jim raker, DC
All companies need help with occupational medicine testing and examsEVERY SINGLE TOWN IN AMERICA HAS MEDICAL SERVICES, MANDATED BY FEDERAL LAWS, WHICH DCS CAN PROVIDE.You may have heard about performing U.S. Department of Transportation (DOT) physicals, which DCs can do by law in every state except Washington, Virginia and New York; these physicals are mandatory for not only truckers, but railroad workers, pipeline workers, bus and subway drivers, ship captains (for whom DCs cannot provide this yet), and airline pilots (for whom DCs can provide in 28 states for private pilots as of 2018).
Besides the physicals for these segments of the DOT industry, DCs in all 50 states can do drug testing, alcohol testing, hearing testing, Pulmonary Function Testing, Respirator Fit Testing, hand dexterity testing and more. All these tests are for safety and wellness issues. You are not diagnosing or treating an ill patient, you are trying to prevent them from becoming ill. Safety and wellness should go hand-in-hand with the chiropractic profession.
No insurance billingCompanies and municipalities such as school districts, cities, counties, states and federal government are all required to follow these mandated rules. The nice part for chiropractors and testing doctors is that there is no insurance billing. Every service is paid in cash by the company, municipality or individual. Some of these services require additional training and certification, and some don’t. Some services can be done with no extra cost in equipment, for example physicals and drug testing at a lab. Neither require an investment in equipment. Others may require buying a piece of equipment like an audiometer or alcohol breathalyzer, but they are only $750 and $2,000 respectively. Each can bring in far more income than its cost.
Do the mathWhen a company needs their 100 employees’ hearing tested at $25 each, drug tested for $40 and alcohol tested for $25 yearly, the potential income is $9,000 in a single day (100 x $25, $40, $25). Do this for several companies every year and you now are talking about extra income of $40K-90K a year.
I have contracts with school districts for their bus drivers, with cities and counties for their police and firemen, and state and federal contracts for drug testing their workers. I also do work for banks, grocery stores, cement plants, gravel and timber truckers, telephone and electric companies, and more. There is no town in America that doesn’t have this work.
Patient communication is important and pays dividends. Many people ask me to be their doctor after doing a quick four-minute exam just because I’ve told them more in four minutes than their MD has told them in four years. It’s like getting paid to do spinal screenings, and the company is forcing all their employees to come to you. Someone has to do it — why not you?
Large companies looking for helpHere is another example. I have a company that had 15 workers who each needed a physical at $65 each, chest X-ray at $50, drug test at $40, alcohol test at $25, hearing test at $40, pulmonary function test at $40, respirator fit test at $40, and blood drawn for heavy-metal evaluation at $300. While I adjusted 40 regular patients that day, my assistants did everything except the part of the physical I had to do, which took me about four minutes on each person. At the end of the day we were paid $9,000 by the company. No insurance problems, no billing, no reductions, no waiting months or years, just a check and we were done.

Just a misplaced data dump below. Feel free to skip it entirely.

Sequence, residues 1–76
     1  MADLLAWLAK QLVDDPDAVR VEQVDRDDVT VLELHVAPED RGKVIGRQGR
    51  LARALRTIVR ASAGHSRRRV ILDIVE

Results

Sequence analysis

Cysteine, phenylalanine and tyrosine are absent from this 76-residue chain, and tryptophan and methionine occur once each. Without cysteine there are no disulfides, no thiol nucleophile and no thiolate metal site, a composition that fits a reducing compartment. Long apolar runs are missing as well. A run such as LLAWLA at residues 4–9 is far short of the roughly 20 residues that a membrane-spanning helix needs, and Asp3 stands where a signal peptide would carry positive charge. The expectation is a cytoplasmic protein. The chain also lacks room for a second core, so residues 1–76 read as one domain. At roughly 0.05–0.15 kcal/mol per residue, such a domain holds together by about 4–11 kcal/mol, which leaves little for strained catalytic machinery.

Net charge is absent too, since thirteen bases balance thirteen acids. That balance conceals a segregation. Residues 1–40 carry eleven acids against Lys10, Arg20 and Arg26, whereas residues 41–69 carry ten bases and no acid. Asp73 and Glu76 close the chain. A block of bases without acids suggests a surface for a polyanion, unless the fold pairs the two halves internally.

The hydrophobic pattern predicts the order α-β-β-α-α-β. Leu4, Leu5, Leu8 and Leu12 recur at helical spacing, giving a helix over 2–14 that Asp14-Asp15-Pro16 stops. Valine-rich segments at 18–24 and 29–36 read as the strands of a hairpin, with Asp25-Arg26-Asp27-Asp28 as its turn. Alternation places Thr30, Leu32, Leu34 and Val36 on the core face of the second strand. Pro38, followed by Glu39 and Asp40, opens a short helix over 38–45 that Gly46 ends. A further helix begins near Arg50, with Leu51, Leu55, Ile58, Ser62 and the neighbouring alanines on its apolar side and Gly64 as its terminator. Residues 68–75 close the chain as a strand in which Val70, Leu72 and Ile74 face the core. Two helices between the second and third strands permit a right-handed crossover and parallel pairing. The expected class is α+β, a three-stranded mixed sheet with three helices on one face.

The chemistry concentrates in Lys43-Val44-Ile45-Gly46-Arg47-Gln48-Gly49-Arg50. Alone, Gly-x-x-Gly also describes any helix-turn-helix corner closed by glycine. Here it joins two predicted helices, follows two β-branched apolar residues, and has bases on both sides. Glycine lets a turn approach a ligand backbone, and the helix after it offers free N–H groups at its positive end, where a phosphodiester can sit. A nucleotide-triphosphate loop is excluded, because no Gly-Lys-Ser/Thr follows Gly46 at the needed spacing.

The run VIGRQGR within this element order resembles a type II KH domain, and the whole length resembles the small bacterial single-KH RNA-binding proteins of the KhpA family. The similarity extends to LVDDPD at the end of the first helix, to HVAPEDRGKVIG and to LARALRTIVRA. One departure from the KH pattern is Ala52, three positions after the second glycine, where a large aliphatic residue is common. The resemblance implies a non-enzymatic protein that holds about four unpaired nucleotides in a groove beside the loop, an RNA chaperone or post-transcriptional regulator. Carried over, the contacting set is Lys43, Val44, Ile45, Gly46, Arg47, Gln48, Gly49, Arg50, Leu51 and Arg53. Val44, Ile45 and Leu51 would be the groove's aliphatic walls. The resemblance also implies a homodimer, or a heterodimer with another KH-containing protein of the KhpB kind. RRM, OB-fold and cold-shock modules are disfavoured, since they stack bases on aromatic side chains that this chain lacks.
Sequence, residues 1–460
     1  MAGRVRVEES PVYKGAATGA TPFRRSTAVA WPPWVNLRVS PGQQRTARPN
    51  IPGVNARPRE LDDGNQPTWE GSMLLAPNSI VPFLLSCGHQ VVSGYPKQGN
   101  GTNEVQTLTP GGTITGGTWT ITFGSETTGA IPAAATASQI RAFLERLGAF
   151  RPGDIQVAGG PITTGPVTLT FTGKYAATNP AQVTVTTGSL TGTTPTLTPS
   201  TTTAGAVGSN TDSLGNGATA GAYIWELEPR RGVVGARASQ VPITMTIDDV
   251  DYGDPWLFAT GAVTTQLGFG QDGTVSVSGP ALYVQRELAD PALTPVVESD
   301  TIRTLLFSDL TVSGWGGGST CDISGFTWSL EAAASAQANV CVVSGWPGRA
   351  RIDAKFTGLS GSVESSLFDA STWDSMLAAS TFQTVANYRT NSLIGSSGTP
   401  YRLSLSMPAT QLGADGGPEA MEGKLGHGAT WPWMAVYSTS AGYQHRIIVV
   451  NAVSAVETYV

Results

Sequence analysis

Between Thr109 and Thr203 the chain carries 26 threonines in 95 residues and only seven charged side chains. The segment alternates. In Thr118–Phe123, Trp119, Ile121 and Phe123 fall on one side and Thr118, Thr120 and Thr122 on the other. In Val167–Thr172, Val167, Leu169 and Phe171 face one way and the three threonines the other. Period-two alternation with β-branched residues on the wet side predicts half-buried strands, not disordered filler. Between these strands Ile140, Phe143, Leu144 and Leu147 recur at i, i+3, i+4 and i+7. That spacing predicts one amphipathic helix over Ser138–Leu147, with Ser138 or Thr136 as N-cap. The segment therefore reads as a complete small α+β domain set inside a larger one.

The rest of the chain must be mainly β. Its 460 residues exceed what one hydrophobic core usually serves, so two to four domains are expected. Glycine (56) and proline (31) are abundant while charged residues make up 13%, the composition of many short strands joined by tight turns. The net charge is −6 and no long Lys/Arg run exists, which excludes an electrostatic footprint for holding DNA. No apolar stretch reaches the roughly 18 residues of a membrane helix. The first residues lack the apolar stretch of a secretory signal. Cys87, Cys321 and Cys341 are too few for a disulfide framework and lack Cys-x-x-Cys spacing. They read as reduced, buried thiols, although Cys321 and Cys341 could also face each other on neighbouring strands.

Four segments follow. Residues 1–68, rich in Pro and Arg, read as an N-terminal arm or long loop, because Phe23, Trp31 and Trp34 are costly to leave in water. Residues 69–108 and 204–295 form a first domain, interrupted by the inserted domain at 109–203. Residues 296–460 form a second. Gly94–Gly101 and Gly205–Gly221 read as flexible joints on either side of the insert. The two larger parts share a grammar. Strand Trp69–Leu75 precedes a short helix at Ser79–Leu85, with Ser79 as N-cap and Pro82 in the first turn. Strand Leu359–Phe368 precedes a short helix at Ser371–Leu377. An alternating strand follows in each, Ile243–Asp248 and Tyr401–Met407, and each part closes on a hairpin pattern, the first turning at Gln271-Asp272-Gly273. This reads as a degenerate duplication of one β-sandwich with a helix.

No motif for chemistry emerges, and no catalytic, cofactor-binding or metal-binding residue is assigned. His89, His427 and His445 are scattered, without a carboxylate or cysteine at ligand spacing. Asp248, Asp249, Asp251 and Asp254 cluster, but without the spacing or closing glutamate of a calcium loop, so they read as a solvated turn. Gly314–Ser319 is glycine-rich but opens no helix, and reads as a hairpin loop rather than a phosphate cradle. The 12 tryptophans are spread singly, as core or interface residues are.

DCs who know this business can get jobs within a company such as Coca-Cola, taking care of all employee needs. I know several hospitals that run occupational health divisions within their systems. Occupational medicine is the future of chiropractic, to integrate into the health care system where there is a need and little discrimination over licensing. The medical establishment does not have a hold on this aspect of health care. In fact, most of the competition is non-medical workers doing all the testing, except for physical exams. You don’t have to compete with MDs; you are competing against regular people who are certified to do drug tests, or hearing testing, etc.
Success examplesChiropractors have learned or become certified in this work and have gone on to land large contracts.
“I learned how to do occupational medicine for companies and opened my doors in 2014,” said Wayne Hebert, DC, of Corpus Christi, Texas. “We immediately were covered-up in work and averaged $750,000 a year in occupational medicine work alone. I sold the business to my medical assistant after five years to move closer to family, and my assistant landed a $250,000 contract from a meat-packing plant last month. Yay to occupational medicine for making life easier for DCs.”
Steve Knoernschild, DC, of Illinois shared a similar story.
“For those chiropractors that are wanting to add another form of income to their office, I highly recommend learning occupational medicine,” Knoernschild said. “My office income has dramatically increased since I started a few years ago. I now have served more than 2,000 DOT drivers, countless companies, seven school districts, and the list goes on. Best of all, most of this is payment at time of service, and you are paid your full gross charges.”
Occupational medicine is where chiropractors can shine by putting their stamp on all the services with a guarantee they are done right, along with an ability to perform exams that non-medical workers cannot do. This can make chiropractors a one-stop shop for companies, which is what they need and want.
JAMES RAKER, DC, is the owner of Ark-La-Tex Health Center, which serves not only regular chiropractic patients but is the company clinic for several organizations that each have 10-1,000 employees. He can be contacted at OccMedForDCs.com.